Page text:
Red is regarded as a sexy color and taking a sip of French red wine can make you ooze with an irresistible sex appeal. But there’s more to French red wines than their lustrous and captivating color. They are famous all over the world because an amazing taste is combined with a rich and fascinating history passed down from one generation to another.
For many centuries, France has been regarded as part of the Old World of wines, producing the highest number of wines that being exported to different corners of the world. But with the emergence of the New World, slowly, French wines have been taken out of the shelves and replaced by wine varieties from the newer wine producers. Even I have been guilty of drinking Californian wines over French ones. However, nothing beats the original and recently, French red wines have started fighting back to reclaim their place on your dinner table.
Whether you are a wine connoisseur, wine lover, wine aficionado or just another ordinary person who wants to enjoy a couple of glasses to finish off the long week at work, there is no denying that there are several wines that have been held in higher esteem in the world of wines.
Here is a quick guide into the 5 best French red wines that you might want to try, if you haven’t already yet.
Merlot deserves the highest respect in the world of wines, not to mention that it also tastes good with food. Known for its regional names including Blaye, Côtes de Bourg, Fronsac, Pomerol and St. Emilion, the primary characteristics of the taste of this particular wine is the soft finish, easy tannins and red fruits. But aside from being smooth, it is also slightly chameleon, partly due to the way it has been vinified and mostly because of the location where it was grown.
Merlot wine is a great match with a plethora of food varieties because of its middle position in the spectrum of red wines. Generally, Merlot is a great pair with chicken as well as other kinds of light meats. It also goes perfectly with slightly spiced dark meats. Thanks to its low acidity and medium tanning, you will find that this can pair well with a lot of foods. However, Merlot will not pair well leafy green veggies or fish unless they are cooked in a specific way or braised. Also, spicy foods may overwhelm the nuanced flavors of Merlot.
The distinctive cinnamon flavor and candied fruit roll up is the main reason Grenache is easily recognized even by the expert blind tasters. This particular French red wine has a medium to a full weight in its taste, although this is semi-translucent and has a deceiving lighter color. Grenache’s spice makes it an ideal pair to herb and spiced foods such as vegetables, roasted meats and many types of ethnic foods.
Responsible for several of the world’s darkest full-bodied French red wines, Syrah has dark flavors of fruit, from the sweet blueberry to the savory black olive. Tasting Syrah is almost like being greeted with a punch of unique flavor that can taper off but with an aftertaste that has a spicy and peppery note. By tradition in France, Syrah blends with the richer Mourvedre and the light bodied Grenache to create the classic blends of Côtes du Rhône. Due to its explosive taste, these wines can pair well with bold foods, from barbecue to blue cheese burgers. The real trick is to let the wine’s subtle nuances ooze out and explode in your mouth. The best examples of Syrah wines are the pride of Rhône Valley, Côte Rôtie and Hermitage, France’s rarest and finest reds.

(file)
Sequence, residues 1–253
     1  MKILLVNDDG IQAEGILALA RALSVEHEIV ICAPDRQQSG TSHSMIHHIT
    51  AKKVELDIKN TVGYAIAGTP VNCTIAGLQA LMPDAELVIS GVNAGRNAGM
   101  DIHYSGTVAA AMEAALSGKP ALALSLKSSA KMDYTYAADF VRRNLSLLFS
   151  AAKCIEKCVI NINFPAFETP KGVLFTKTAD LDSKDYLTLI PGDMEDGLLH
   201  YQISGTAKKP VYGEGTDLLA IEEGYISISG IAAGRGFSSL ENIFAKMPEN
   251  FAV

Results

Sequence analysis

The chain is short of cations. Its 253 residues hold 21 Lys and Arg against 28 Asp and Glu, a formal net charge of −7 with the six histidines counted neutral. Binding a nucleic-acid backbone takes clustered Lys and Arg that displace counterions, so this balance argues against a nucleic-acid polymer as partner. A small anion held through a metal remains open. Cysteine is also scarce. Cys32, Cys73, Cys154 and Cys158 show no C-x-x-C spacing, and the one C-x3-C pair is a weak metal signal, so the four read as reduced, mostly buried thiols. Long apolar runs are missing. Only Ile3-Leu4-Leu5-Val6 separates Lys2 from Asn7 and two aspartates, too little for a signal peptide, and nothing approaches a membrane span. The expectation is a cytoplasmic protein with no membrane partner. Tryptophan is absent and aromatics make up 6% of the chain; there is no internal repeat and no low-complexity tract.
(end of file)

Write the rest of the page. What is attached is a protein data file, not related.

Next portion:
Simply referred to as Cab, Cabernet Sauvignon is another full-bodied red wine that has dark fruit flavors and delicious savory tastes from bell pepper to black pepper. As one of the more layered and more complex wines that you can find, Cabernet Sauvignon has a higher content of tannins and unique savory character that is usually described as tobacco and black pepper. Due to these traits, it will be best for you to pair this with foods that are high in umami flavors and fat content.
The world’s most highly prized red wine, Pinot Noir is exactly the opposite of its noble cousins.
These wines have pale color, are translucent and the flavors are extremely subtle. This wine has a fickle taste and has a range of different flavors that depend on where this is grown and on the vintage. In Burgundy, this is usually very light and herbaceous except for the pristine vintages. The earthy aromas are very dominating that smells the same with a brown paper that packed with wet leaves or mushrooms. Together with the earthy smell are the faint floral smells of violet, roses and smell of fruits leaning towards the freshly picked and raw cherries. Classified as a catch-all food pairing red wine, this variety is light enough to go well with salmon but complex for holding up to several richer meats, such as duck.
French red wines represent part of the world’s highly acclaimed drinks and even with all the new wine producers that are starting to create their own versions, there is no denying that the French varieties will remain as some of the best in the wine world.